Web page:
Friend suggestions on social networks may already be a little too eerily accurate for some, but a team of researchers from Cambridge University now say they can do one better. They've devised a method that doesn't simply rely the usual friends-of-friends approach, but on where those people tend to hang out. According to researcher Salvatore Scellato, "it turns out that the properties of the places we interact can determine how likely we are to develop social ties," and that places like offices and gyms are better indications of potential friends than football stadiums or airports. That notion was borne out in their research (conducted over a period of four months using Gowalla), which found that "about 30 percent of all new social links appear among users that check-in to the same places." With the two prediction methods combined, the researchers say they're able to account for 66 percent of all new social ties. No word if they've moved onto predicting crimes next.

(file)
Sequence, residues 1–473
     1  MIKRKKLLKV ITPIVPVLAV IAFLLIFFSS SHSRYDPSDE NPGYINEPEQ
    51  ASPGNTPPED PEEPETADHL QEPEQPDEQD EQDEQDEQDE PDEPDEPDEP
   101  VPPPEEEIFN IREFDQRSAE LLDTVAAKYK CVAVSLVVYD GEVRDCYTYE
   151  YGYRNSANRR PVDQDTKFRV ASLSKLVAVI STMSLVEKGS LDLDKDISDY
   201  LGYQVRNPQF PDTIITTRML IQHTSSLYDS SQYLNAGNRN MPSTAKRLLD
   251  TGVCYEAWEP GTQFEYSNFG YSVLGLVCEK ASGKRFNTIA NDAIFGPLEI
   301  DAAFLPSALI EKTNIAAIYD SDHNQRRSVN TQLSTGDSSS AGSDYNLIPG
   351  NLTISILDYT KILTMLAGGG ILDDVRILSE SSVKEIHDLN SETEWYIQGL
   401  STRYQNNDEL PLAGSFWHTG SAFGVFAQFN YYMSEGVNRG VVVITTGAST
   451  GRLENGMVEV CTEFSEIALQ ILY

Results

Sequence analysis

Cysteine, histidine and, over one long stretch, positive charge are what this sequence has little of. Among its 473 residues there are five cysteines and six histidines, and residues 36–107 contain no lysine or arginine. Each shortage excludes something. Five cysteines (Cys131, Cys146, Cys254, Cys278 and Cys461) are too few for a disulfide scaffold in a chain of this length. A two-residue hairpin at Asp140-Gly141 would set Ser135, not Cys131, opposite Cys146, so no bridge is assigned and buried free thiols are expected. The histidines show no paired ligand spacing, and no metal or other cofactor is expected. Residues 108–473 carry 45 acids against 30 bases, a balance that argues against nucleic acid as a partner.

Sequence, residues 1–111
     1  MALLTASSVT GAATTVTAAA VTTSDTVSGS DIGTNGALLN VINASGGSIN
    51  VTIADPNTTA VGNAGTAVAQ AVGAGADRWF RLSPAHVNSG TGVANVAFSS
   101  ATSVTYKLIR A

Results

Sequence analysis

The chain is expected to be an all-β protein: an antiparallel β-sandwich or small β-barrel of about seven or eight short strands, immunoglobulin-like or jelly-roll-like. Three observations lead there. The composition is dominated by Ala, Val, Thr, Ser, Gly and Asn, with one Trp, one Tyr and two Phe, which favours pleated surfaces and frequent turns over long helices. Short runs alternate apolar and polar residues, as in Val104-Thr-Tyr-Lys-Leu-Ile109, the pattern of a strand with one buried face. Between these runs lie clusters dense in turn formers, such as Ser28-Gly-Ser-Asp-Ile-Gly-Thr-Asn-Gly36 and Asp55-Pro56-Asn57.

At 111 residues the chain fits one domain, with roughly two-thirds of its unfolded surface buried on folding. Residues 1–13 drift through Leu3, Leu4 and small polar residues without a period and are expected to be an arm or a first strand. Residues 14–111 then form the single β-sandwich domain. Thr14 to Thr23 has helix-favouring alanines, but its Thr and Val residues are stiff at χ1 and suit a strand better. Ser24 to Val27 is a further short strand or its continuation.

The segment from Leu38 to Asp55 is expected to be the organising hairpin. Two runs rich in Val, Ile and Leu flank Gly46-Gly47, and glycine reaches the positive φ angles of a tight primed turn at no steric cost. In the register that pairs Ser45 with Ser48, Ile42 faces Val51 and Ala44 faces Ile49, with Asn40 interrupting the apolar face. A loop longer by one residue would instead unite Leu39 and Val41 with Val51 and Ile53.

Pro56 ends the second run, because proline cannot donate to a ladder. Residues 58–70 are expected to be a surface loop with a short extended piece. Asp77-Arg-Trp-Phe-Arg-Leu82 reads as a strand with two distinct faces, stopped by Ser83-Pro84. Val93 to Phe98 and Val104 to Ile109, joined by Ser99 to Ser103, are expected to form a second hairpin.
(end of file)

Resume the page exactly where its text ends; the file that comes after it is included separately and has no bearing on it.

[Image credit: Gowalla]